Ideas to Action:

Independent research for global prosperity

Publications

 

Cover of Policy Paper 120
February 20, 2018

What Can We Learn about Energy Access and Demand from Mobile-Phone Surveys? Nine Findings from Twelve African Countries

We conducted phone-based surveys on energy access and demand in twelve African countries. From these findings, we draw several potential policy implications. First, both grid electricity and off-grid solutions currently are inadequate to meet many African consumers’ modern energy demands. Second, grid and off-grid electricity are viewed by consumers as complementary, rather than competing, solutions to meet energy demand. Third, a market exists for off-grid solutions even among connected, urban Africans.

Cover of the brief "Can Development Assistance Deter Emigration?"
February 12, 2018

Can Development Assistance Deter Emigration?

As waves of migrants have crossed the Mediterranean and the US Southwest border, development agencies have received a de facto mandate: to deter migration from poor countries. Will it work? Here we review the evidence on whether foreign aid has been directed toward these “root causes” in the past, whether it has deterred migration from poor countries, and whether it can do so.

Cover of brief on Tax and Development
February 8, 2018

Tax and Development: New Frontiers of Research and Action (Brief)

Domestic measures have greater potential for raising tax yields over time. Rough estimates indicate that there may be $9 of additional tax capacity from domestic policy measures for every $1 from international action. The main enabler is political commitment.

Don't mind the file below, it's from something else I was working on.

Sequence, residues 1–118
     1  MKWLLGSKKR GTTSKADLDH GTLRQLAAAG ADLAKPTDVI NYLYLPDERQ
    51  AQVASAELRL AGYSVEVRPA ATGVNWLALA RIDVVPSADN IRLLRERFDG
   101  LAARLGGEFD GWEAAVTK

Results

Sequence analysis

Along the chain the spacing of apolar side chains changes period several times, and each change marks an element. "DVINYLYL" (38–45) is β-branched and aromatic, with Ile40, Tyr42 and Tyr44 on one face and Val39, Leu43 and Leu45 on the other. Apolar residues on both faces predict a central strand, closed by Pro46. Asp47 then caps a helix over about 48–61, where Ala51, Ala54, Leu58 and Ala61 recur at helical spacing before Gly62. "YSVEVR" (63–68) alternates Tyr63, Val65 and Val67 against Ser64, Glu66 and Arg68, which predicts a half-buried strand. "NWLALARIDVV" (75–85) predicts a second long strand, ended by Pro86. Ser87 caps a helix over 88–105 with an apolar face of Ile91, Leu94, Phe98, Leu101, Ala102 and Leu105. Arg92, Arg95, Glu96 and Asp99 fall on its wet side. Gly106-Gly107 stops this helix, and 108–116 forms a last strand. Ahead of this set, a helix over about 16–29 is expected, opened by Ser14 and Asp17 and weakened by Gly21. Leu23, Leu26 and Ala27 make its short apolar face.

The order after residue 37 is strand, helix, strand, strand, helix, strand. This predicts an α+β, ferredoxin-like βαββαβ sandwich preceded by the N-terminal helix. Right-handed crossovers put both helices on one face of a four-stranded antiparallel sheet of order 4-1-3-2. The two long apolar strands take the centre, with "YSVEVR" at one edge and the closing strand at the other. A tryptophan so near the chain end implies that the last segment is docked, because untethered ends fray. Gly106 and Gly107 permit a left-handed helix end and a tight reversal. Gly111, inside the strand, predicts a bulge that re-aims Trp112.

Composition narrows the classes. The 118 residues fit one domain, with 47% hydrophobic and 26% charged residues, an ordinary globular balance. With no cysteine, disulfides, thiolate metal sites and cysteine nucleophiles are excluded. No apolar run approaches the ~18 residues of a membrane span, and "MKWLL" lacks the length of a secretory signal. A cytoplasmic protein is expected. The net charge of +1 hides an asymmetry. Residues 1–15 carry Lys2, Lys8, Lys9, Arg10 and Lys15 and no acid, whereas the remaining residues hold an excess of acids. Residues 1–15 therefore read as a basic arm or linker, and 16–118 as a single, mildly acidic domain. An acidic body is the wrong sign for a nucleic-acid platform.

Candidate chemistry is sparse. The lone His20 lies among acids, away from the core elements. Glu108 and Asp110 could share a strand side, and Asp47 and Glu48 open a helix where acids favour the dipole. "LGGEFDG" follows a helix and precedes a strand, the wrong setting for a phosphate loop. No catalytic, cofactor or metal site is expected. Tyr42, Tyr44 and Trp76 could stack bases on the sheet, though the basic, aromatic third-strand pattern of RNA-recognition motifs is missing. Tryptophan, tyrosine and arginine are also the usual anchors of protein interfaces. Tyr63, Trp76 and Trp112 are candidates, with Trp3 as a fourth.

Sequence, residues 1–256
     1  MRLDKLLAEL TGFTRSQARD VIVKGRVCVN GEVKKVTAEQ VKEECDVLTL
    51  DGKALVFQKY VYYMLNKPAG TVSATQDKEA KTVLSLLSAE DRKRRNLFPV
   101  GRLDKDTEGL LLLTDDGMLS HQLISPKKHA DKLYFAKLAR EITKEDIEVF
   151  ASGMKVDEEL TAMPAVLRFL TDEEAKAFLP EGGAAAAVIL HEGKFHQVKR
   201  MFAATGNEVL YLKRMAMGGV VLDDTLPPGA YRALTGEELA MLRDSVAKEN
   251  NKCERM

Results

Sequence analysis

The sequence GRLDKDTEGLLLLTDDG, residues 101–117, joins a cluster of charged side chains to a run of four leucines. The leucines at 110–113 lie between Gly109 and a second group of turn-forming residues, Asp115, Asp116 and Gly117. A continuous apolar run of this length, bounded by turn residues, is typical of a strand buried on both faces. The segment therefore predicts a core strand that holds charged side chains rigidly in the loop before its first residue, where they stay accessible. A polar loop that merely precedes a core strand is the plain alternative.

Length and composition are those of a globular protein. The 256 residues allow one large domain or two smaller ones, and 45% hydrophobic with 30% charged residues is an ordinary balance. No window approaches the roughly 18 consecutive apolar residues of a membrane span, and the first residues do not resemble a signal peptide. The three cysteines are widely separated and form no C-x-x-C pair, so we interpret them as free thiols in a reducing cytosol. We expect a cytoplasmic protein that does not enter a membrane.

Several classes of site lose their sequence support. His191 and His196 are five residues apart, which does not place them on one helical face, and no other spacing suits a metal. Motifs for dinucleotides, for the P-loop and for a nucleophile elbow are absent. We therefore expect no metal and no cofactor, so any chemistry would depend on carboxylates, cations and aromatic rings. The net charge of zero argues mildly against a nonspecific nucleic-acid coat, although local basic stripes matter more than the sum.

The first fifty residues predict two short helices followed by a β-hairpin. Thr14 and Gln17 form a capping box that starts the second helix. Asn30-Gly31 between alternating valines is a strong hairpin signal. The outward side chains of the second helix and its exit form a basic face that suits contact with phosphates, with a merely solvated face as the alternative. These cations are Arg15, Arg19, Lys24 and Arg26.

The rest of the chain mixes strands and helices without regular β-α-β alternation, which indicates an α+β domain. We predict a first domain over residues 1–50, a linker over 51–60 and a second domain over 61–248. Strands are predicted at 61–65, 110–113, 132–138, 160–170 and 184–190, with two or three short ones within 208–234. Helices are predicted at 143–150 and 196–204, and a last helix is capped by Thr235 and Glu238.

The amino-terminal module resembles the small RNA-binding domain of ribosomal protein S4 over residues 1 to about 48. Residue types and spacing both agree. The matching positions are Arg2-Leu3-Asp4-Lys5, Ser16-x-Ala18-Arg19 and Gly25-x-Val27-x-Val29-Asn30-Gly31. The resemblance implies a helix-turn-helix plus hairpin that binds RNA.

Maya Forstater
Cover of Policy Paper 118
February 8, 2018

Tax and Development: New Frontiers of Research and Action

This paper looks at estimates of the potential gains from taxing across borders, alongside largely domestic measures such as property tax, personal income tax, VAT, and tobacco taxes. It finds that while action on cross-border taxation could yield additional tax take in the region of one percent of GDP, in many countries measures targeting the domestic tax base might deliver something in the region of nine percent. The main enabler is political commitment.

Maya Forstater
Cover of Working Paper 474
February 5, 2018

Measures of Global Public Goods and International Spillovers - Working Paper 474

This paper attempts a first-cut listing of global public goods and international spillover activities, as well as providing some data on their global distribution alongside basic correlational analysis. Few if any goods are “pure” global public goods and there is a spectrum of the extent of spillovers. Some global public goods are not well measured. The listing is far from exhaustive, nor is it based on rigorous selection criteria. But it does suggest considerable diversity in trends, levels and sources of public good and spillover activities.

Cover of Working Paper 475
February 5, 2018

FDI and Supply Chains in Horticulture (Vegetables, Fruits, and Flowers, Raw, Packaged, Cut, and Processed): Diversifying Exports and Reducing Poverty in Africa, Latin America, and Other Developing Economies - Working Paper 475

Prior research on foreign investment and supply chains in emerging markets has focused almost exclusively on the creation of international networks in manufacturing and assembly. This paper extends that research, looking beyond manufacturing into supply chain creation in horticulture in developing countries.

Stock photo of pills in a row
February 5, 2018

Healthcare Systems as Intelligent Payers: What Can the Global Health Community Learn from the English National Health Service?

Today, politicians are under growing pressure to squeeze more out of every dollar and guarantee greater access to better, more affordable healthcare for their citizens. In such a resource-constrained environment, wasting trillions of dollars on health every year is not viable. This note provides an overview of some of the approaches and policy options that the National Health Service in England has been using to maximise value for money.